How Egyptians got freaky in Halloween

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Ladies and gentlemen, step right up if you dare, for All Hallow’s Eve is a time to get freaky!

Although partying on Halloween in Egypt has usually been the preserve of expats and the Zamalek-set, it is becoming trendier each year.

Everyone has a freak inside them and the 31st of October is the time to unleash yours! It’s that time of year when ghouls and goblins, heroes and villains, masked men and laced-up ladies take to the streets; trick or treating from door-to-door and partying into the wee hours of the night.

Dark Desires Tabla Sokhna – Cairo Zoom

Halloween had its beginnings in an ancient, pre-Christian Celtic festival of the dead. The Celtic peoples divided the year by four major holidays. Their new year began on the 1st of November by our present calendar, the festival to mark the event was called Samhain. It was the largest and most significant holiday of the Celtic year. Samhain became the Halloween we are familiar with when Christian missionaries attempted to change and incorporate the religious practices of the Celtic people.

Bam Boo Halloween at Bamboo – Cairo Zoom

Many remaining Halloween traditions can be traced to the ancient Celtic day of the dead. Halloween is a holiday of mysterious customs and most have an interesting history behind them. For instance, wearing costumes and roaming from door to door can be traced to the Celtic period when it was thought that the souls of the dead were at unrest, along with fairies, witches, and demons. This practice is called mumming, from which the practice of trick-or-treating evolved.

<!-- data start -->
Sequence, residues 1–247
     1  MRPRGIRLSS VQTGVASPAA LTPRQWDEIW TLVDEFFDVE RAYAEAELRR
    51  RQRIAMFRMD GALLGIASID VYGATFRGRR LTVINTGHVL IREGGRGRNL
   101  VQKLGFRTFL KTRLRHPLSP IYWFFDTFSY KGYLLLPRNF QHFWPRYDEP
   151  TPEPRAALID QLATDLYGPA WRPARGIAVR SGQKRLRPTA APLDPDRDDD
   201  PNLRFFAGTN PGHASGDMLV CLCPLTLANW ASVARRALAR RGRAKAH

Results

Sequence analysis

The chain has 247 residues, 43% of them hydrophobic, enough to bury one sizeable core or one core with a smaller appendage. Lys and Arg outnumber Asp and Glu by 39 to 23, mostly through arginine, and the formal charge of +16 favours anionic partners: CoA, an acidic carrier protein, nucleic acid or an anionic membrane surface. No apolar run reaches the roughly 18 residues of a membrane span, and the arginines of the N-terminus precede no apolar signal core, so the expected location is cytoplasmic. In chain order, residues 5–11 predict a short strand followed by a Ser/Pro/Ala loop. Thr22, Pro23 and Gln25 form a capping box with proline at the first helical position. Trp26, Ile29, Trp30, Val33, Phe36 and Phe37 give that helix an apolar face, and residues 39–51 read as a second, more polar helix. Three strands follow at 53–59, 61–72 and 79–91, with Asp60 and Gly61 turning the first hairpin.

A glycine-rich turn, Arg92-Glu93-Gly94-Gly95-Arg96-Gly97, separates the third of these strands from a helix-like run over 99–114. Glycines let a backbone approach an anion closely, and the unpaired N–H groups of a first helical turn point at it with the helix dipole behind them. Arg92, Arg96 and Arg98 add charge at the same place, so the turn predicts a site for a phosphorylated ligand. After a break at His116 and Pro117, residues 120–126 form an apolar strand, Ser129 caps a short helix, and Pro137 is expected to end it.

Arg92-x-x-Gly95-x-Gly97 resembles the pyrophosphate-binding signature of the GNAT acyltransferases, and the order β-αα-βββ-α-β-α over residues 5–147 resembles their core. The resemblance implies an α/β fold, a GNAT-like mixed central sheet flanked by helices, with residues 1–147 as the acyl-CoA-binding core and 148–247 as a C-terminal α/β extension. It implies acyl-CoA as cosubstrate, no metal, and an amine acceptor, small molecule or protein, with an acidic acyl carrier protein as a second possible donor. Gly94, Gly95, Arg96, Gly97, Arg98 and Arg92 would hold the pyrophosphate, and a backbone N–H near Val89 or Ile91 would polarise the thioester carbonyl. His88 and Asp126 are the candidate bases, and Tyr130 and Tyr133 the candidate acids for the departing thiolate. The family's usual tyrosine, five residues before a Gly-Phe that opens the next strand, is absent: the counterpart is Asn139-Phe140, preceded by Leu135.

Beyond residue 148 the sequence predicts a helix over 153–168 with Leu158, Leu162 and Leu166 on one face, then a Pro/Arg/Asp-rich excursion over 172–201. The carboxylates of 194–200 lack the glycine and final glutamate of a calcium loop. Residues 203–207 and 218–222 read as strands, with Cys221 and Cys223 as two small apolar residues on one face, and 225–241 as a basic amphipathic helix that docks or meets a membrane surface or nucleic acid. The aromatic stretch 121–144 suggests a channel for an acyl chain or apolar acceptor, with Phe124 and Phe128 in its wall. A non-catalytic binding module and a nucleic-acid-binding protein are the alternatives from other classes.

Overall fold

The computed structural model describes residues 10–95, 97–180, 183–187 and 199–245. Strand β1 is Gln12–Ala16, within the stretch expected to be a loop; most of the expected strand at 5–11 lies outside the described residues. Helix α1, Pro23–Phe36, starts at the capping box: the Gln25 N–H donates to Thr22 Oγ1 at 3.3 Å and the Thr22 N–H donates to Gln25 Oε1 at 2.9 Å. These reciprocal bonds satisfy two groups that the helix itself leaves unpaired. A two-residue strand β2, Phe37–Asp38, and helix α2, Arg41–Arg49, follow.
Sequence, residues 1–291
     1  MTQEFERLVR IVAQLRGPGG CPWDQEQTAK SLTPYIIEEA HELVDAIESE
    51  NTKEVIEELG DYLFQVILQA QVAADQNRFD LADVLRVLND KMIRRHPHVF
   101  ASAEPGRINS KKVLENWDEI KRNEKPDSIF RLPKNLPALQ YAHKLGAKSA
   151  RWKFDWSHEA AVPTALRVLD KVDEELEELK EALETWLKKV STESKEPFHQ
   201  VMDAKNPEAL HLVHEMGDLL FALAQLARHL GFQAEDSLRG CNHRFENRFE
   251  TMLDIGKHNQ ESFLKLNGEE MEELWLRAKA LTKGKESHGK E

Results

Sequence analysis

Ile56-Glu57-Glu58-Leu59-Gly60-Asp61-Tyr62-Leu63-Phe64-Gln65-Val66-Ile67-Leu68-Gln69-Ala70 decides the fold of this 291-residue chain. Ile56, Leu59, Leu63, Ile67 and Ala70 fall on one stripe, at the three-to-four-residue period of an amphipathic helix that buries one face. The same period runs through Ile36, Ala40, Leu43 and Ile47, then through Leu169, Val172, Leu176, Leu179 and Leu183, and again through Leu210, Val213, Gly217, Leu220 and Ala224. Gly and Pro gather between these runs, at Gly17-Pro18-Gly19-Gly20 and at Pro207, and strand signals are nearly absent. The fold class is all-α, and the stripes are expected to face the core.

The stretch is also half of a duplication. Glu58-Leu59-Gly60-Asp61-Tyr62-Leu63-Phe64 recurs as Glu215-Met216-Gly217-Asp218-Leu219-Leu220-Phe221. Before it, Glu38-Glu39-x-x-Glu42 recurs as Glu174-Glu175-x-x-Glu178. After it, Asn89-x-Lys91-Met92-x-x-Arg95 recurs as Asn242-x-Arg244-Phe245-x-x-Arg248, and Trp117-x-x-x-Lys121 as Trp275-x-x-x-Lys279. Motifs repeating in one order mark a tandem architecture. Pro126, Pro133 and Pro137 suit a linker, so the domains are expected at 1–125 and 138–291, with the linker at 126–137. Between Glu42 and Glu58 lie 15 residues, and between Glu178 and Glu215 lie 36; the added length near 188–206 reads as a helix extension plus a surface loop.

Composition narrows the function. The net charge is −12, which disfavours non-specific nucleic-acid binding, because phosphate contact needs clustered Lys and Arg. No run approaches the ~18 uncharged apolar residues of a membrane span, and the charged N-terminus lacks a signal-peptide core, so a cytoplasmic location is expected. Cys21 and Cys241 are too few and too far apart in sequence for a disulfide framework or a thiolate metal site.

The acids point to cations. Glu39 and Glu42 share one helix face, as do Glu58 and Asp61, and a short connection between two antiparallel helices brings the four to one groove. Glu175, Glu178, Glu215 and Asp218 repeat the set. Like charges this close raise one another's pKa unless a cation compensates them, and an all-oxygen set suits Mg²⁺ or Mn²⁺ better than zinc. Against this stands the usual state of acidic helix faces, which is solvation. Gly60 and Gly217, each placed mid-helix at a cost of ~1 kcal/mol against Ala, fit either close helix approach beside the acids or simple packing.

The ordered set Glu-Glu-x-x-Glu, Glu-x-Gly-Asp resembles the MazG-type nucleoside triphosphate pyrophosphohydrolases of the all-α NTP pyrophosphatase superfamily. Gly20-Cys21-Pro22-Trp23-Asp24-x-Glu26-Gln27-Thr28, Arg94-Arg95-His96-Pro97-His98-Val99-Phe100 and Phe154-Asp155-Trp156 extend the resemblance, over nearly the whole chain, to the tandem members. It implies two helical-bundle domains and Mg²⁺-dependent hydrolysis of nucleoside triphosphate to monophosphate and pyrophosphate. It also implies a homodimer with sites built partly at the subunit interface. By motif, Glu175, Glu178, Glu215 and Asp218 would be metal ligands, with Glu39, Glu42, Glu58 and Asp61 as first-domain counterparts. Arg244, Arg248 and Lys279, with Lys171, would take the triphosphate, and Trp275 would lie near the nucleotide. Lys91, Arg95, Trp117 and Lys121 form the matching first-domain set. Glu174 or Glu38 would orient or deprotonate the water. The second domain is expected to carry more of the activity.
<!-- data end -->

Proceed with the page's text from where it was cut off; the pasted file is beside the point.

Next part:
In Egypt, Halloween can be a tricky thing. Costume sellers are almost non-existent and outfits can be hard to find, especially for adults, what’s more the party scene is extremely exclusive. But if you persevere, you can create a Halloween night that you shall not forget.

The easiest way to come by a Halloween outfit in Cairo is to simply create your own. Options are endless when you’re creative. Some of your old clothes can be played around with, sleeves can be cut off, bed sheets can become Roman robes.

Another option would be to go around Downtown Cairo to find costume renting shops; try Aseela or Mar’y for instance. For the ladies, Goth chicks are easily imitated. You can find some make-up and black nail polish to play the character, and you’ll be ready to look underfed and over-suicidal in a second.

For extremely cheap Halloween items, you can pass by one of the nameless shops on Qasr Al-Aini Street, where you’ll find wigs, fake make-up items, vampire teeth and plastic noses. These shops look like a hole in the wall, but the deeper you go through their jumbled items, the more Halloween treasures you will find.

This year’s festivities included Cirque Du Freak at Cairo Jazz Club, Halloween Party at Crooners in Hurghada and Halloween at Pacha in Sharm, among many others. Private parties played-out from Sakkara to Maadi, Kitkat to Garden City rooftops and we heard about heated swimming pools, Nile cruis boats and, of course, trick-or-treating for adults!